Do you own a smart watch yet? What about some smart jewelry? LED-embedded clothing that communicates with your phone? Likely you don’t, and its even likelier that your mainstream family members and friends either don’t own these things or even get why they’d want to.
But for the tech savvy and analysts the concept of wearables — connected devices that are embedded in clothing or accessories — is one of the hottest markets around. The challenge is building products for this segment of the market is hard because you still have to have some serious engineering chops and money to get a radio inside your product. Mbientlab wants to change this with a Kickstarter project that hits today.
The engineering design firm is launching a campaign for a $30 Bluetooth module called MetaWear that is the size of a quarter and can be programmed via iOS or Android interfaces. Laura Kassovic, an engineer behind the product says that the module will be available to early backers at the end of the campaign and then a month later for everyone. That second batch of modules with be both FCC and Bluetooth certified.
She said that as part of an engineering design firm, she was frustrated by having people bring projects to Mbient that they wanted to build, but then realized they couldn’t because the engineering required was too much and thus too cost-prohibitive. Kassovic’s goal with this Kickstarter is to let those hobbyists and entrepreneurs build something fast and relatively cheaply– maybe even something amazing that could make it as a real world device.
These sorts of kits are important, I think, not just because they open the gates to more people building wearables, but because if Kassovic can decrease the size of the module, we could see some really compelling products on offer from larger brands. Texas Instruments, for example, has a series of connected sensor modules that you can program from your phone, but they are expensive and overkill for a simple wearable device.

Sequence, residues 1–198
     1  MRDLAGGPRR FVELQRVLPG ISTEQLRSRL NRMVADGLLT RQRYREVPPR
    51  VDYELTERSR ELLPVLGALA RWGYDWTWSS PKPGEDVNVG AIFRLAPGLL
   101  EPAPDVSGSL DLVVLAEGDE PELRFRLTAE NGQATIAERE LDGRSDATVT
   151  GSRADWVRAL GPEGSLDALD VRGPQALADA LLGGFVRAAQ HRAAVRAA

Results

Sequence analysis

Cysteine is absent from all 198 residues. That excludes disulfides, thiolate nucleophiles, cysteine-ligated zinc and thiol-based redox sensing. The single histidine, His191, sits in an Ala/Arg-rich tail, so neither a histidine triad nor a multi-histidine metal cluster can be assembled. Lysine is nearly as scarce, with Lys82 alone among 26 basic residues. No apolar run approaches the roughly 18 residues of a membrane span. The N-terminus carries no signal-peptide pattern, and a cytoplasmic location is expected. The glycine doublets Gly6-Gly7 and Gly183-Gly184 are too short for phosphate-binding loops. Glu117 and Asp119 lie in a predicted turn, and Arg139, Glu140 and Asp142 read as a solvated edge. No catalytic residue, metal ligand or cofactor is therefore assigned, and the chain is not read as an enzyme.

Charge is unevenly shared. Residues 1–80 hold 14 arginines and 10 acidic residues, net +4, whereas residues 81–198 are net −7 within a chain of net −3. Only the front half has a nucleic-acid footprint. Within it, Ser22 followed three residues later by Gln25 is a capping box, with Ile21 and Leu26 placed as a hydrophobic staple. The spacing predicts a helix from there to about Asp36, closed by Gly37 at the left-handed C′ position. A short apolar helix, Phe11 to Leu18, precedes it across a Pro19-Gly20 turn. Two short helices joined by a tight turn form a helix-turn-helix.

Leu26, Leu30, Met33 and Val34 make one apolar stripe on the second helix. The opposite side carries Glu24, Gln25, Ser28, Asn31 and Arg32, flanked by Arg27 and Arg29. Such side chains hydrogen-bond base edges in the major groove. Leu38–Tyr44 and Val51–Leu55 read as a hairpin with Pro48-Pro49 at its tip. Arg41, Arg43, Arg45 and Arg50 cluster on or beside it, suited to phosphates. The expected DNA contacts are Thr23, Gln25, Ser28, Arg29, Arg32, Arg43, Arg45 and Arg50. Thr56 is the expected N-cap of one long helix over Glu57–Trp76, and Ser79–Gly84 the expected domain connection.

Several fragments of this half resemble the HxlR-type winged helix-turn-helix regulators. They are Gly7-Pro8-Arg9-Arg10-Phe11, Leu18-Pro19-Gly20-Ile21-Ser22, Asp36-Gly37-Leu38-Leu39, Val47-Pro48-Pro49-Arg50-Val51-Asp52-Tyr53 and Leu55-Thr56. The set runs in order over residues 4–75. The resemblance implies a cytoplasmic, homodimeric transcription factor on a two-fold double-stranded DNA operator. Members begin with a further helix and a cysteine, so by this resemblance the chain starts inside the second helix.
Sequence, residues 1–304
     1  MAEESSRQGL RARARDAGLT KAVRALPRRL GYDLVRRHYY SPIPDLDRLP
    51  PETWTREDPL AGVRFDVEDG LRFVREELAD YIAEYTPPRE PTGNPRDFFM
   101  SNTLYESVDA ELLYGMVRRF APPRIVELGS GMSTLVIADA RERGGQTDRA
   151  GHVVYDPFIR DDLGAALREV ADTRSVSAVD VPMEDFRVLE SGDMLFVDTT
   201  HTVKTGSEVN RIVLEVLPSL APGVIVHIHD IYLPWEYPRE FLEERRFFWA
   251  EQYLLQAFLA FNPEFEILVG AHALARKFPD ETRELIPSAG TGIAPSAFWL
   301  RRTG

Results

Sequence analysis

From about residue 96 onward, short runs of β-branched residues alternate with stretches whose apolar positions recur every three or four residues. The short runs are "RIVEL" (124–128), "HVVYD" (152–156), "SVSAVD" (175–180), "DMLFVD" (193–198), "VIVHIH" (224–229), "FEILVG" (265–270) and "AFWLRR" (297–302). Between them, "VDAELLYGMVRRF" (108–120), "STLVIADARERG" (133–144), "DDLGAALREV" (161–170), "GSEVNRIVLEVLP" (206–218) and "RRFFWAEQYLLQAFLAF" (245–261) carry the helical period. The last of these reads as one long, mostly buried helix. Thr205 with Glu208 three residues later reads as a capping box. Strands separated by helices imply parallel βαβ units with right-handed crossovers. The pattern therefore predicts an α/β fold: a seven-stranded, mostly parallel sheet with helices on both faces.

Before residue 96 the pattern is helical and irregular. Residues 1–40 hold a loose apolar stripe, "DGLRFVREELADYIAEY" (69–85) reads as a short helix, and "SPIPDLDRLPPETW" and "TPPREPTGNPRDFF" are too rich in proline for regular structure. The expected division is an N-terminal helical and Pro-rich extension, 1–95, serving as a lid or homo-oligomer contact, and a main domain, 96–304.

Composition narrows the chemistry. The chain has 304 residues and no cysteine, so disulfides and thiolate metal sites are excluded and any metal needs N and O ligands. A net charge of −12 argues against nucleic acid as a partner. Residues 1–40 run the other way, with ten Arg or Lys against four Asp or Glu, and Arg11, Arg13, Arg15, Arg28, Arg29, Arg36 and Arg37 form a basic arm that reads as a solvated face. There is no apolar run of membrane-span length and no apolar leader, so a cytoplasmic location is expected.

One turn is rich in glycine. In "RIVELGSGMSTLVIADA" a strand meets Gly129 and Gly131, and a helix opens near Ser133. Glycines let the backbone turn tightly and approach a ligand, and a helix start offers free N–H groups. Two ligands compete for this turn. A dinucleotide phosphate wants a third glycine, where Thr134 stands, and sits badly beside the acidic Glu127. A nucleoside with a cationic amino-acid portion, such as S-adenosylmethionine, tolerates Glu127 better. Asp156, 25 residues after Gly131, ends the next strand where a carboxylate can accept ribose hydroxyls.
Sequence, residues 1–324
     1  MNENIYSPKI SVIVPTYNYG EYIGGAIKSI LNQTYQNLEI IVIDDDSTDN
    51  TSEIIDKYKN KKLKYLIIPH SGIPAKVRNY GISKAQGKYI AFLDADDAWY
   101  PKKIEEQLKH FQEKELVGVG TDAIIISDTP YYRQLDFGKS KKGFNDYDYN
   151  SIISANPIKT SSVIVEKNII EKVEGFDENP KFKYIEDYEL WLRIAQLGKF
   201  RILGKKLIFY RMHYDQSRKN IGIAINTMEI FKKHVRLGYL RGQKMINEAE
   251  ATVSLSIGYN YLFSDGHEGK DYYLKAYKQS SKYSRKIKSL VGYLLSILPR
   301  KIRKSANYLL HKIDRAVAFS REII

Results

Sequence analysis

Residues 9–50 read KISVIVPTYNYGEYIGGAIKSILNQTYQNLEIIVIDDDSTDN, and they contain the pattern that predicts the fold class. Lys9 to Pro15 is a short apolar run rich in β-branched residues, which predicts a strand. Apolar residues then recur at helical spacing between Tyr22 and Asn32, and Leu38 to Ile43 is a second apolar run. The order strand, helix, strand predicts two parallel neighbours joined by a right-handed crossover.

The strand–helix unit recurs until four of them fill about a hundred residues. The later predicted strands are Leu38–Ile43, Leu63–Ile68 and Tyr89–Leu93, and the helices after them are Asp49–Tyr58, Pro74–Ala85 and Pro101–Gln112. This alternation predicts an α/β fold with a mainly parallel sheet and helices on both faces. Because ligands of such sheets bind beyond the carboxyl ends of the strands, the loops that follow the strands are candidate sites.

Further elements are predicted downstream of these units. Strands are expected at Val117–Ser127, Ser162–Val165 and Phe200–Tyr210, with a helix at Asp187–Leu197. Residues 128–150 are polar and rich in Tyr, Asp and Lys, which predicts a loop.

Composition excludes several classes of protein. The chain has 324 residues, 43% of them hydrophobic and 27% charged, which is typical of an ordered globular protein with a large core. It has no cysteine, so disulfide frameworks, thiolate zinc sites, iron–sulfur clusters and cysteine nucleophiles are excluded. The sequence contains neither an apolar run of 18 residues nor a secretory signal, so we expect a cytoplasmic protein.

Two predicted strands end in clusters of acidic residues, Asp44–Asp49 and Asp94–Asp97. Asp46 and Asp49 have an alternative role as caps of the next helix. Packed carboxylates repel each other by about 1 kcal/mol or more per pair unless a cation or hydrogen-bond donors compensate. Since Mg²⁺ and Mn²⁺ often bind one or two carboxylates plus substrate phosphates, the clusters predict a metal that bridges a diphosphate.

Getting the cost down, making it smaller and then making it easier to install and program will help drive more creativity. And this space desperately needs some creativity. Looking at the array of tech-focused smart watches out on the market is like walking into a grocery store and realizing it only sells bread. There are so many other options out there for different styles of wearables that should be connected.
As Om Malik and I discussed on a podcast a while back, wearables are not a tech product. They are a fashion product with some tech inside. Thus they need to be cheap and varied so a wide array of people can match them to their outfits. To that end I wonder if the focus on wearables from tech firms like Motorola, Google and Intel really makes sense.
The guts may come from a tech giant, but the actual product should come from the fashion or design world. Even though the tech world is getting design religion, I can’t see it overtaking Gucci or Prada when it comes to fashion. I think Google gets this, with its recent Android Wear platform availability and its deal with Luxottica for Glass.
While tech giants may have to seed the market, the real innovation will come when there are thousands of people able to pop in a radio and start playing. Then we’ll see new ideas (I want to add connectivity to my daughter’s coat buttons so she could interact with our home’s smart devices without a phone) and wearables that let us continue to treat fashion as an expression of our individual tastes as opposed to letting the tech world dictate what goes on our wrists, fingers, shoes and clothes.